Published on 14 Nov 2022
Diabetes is a condition where blood glucose or blood sugar is higher than usual. In Singapore, one in three people is at risk of developing diabetes. By 2050, if nothing is done, it is estimated that about one million Singaporeans will be living with diabetes.1
Type 1 Diabetes
In individuals with Type 1 Diabetes, the pancreas produces little or no insulin. As there is no insulin to allow the glucose to enter the cells, it builds up in the bloodstream. Type 1 diabetes tends to show up early in life and has a genetic link.
Type 2 Diabetes
In Type 2 Diabetes, one develops insulin resistance and at some point, the pancreas is no longer able to produce enough insulin to overcome the resistance. Type 2 Diabetes is also linked to genetics but there are also lifestyle risk factors involved, such as obesity, and tends to develop as life progresses.
First signs of having diabetes
The first warning signs of diabetes include feeling more thirsty than usual, extreme fatigue, having blurry visions and having slow-healing sores. These symptoms are typical for both Type 1 and Type 2 diabetes. The onset of symptoms may be sudden for people with Type 1 diabetes, while people with Type 2 diabetes may experience these symptoms gradually. Unfortunately, by the time symptoms develop, diabetes is usually already severe and may have started to cause damage to some organs. For many, early diabetes may not present with any symptoms and can only be detected through a blood test.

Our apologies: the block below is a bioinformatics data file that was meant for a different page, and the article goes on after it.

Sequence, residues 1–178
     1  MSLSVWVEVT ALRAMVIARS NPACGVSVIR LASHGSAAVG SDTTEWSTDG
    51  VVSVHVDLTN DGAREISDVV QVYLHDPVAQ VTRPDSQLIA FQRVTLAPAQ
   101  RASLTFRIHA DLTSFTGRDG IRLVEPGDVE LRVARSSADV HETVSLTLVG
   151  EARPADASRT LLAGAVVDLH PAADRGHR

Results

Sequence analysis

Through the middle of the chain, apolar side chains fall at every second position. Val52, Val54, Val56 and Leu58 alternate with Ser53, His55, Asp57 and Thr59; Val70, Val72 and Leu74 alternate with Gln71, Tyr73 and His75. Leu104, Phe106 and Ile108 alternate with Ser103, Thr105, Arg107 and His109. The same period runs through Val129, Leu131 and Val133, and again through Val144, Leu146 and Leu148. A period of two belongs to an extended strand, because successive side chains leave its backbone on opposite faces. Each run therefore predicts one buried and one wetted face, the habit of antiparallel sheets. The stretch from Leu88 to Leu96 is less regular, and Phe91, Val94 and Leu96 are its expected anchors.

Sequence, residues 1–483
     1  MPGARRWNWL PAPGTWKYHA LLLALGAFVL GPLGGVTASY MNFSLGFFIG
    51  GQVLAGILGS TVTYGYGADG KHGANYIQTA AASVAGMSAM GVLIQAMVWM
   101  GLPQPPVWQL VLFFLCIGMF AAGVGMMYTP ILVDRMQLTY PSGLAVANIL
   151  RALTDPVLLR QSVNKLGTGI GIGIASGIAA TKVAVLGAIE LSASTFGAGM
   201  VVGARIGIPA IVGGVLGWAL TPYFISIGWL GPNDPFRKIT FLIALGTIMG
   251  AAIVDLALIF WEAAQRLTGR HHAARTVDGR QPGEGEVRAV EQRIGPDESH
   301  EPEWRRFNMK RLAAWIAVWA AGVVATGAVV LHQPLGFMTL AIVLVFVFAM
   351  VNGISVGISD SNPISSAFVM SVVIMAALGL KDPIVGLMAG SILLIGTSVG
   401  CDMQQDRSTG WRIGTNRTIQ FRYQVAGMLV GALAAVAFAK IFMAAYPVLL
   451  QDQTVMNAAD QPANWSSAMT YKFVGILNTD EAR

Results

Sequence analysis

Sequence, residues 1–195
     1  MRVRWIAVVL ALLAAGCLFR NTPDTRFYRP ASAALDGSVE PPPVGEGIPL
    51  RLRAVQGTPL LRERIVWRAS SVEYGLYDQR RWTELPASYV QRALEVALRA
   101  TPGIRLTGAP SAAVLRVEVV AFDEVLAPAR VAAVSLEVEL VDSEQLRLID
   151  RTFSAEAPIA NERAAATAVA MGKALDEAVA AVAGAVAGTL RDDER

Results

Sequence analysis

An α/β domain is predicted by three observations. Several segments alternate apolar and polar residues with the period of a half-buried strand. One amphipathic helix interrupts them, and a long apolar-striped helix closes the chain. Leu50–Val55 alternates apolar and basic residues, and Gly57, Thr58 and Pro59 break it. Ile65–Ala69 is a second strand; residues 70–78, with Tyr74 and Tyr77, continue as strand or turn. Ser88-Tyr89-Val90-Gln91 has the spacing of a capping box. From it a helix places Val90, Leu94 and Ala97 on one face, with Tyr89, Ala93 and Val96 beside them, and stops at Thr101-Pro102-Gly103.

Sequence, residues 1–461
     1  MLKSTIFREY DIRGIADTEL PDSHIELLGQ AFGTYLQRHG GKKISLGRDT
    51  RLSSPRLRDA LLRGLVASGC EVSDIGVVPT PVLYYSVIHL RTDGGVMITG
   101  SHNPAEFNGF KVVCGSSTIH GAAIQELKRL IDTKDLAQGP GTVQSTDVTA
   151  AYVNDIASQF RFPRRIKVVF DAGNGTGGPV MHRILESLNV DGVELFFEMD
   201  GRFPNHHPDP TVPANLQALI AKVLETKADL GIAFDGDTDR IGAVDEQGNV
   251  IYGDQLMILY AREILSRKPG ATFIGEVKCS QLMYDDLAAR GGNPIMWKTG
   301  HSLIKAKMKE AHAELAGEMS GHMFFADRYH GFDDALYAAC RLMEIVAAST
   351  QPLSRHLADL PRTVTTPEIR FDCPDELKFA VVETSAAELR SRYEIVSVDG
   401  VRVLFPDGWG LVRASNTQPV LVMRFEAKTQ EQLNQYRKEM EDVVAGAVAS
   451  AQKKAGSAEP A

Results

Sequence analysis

Jump to the following sections:
Blood Glucose Test
Once every three years, one should go for diabetes screening. It is conducted through a non-fasting or fasting blood glucose test. If diagnosed, whether it’s type 1 or 2 diabetes, diabetics would have to manage diabetes well to prevent additional symptoms and complications. Kidney failure, blindness, amputations, and even stroke and heart disease are some of these complications. Taking medications prescribed by a doctor and measuring one’s blood sugar are some ways to manage diabetes. Other than that, diabetics can also reach out to professionals for regular checks and screenings, and on a daily basis, they can simply eat right and exercise!
Diabetic Foot Screening